Friday, November 1, 2013


Williamsburg, 2013

When I was a kid, trick or treating meant scoping out the leafiest, poshest of D.C. neighborhoods where families went all out decorating their lawns. You made out with a giant pillowcase full of candy in just a few hours. It was the quintessential suburban American experience, and I remember it very fondly. You had to carry a flash light.

In Brooklyn, while there are tons of Halloween events here and there, kids trick or treat at stores and the occasional building lobby, since most people live in apartments and people without children are rarely home before 7 p.m. This always sounded a little lame and impersonal to me. For a few years, I'd defiantly buy some candy in anticipation in the hopes of costumed visitors, but no one ever knocked on our door.

Last night, Will and I took Axel trick or treating with his godmother and I finally sort of got what the urban trick or treating experience was all about. There were hundreds of kids walking up and down Bedford Avenue and there was a great buzz of excitement in the air. We bumped into friends and neighbors and chatted with local merchants and laughed at the insane costumes on display.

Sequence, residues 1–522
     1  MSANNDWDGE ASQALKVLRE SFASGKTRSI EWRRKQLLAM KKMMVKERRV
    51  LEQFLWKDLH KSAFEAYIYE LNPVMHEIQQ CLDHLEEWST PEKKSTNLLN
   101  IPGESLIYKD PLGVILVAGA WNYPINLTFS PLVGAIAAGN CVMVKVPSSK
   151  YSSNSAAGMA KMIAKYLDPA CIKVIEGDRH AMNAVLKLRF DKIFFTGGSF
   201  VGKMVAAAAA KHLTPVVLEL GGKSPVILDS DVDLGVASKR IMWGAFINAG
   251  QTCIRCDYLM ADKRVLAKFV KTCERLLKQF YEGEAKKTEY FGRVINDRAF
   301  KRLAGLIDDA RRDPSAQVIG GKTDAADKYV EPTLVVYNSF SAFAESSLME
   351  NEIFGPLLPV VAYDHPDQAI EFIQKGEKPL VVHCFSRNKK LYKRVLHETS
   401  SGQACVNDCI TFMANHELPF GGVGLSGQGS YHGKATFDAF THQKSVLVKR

Axel is admittedly young to get much out of the experience, but we had a great time popping into yoga studios, coffee shops, juice bars, baby stores, and tattoo parlors to add a bit of candy to his little basket. Needless to say, some of the Williamsburg businesses went all out, like Mast Brothers, which gave out homemade chocolate truffles, and Oddfellows, which gave cones of cotton candy. The kids didn't seem to have the slightest clue that elsewhere in America you have to ring doorbells to get your mini Almond Joys.

Axel, 2013

Consider me converted.

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